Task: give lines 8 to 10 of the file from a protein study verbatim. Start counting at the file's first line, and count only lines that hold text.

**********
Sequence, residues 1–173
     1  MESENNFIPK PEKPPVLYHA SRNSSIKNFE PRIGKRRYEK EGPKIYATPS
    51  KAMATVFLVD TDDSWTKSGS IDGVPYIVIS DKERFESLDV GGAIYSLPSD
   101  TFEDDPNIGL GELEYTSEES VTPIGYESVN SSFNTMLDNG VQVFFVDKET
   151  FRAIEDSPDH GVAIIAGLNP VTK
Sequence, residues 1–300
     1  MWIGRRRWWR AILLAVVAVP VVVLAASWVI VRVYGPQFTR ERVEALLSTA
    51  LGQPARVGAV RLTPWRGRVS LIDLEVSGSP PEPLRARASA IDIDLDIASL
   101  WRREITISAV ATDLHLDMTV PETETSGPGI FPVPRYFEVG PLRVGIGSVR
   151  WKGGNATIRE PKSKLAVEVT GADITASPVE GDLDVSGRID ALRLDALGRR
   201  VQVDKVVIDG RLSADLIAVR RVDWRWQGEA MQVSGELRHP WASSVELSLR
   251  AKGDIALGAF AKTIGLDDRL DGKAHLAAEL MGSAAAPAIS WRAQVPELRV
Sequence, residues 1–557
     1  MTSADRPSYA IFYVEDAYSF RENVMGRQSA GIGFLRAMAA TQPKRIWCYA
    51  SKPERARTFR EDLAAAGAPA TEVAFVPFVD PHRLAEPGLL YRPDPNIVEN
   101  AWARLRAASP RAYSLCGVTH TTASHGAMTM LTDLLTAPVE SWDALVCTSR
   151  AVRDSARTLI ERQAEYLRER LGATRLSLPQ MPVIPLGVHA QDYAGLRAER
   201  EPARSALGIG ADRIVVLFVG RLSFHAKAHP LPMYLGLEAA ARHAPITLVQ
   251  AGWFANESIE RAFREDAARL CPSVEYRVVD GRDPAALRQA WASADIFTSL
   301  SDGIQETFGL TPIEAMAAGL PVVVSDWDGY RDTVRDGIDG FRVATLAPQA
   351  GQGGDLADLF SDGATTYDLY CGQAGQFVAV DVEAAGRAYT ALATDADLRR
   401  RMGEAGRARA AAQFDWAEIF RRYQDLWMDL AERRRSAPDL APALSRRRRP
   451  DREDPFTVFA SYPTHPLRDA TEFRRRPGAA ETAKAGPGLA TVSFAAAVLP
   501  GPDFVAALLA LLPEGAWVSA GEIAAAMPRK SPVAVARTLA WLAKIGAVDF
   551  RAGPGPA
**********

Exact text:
    51  LGQPARVGAV RLTPWRGRVS LIDLEVSGSP PEPLRARASA IDIDLDIASL
   101  WRREITISAV ATDLHLDMTV PETETSGPGI FPVPRYFEVG PLRVGIGSVR
   151  WKGGNATIRE PKSKLAVEVT GADITASPVE GDLDVSGRID ALRLDALGRR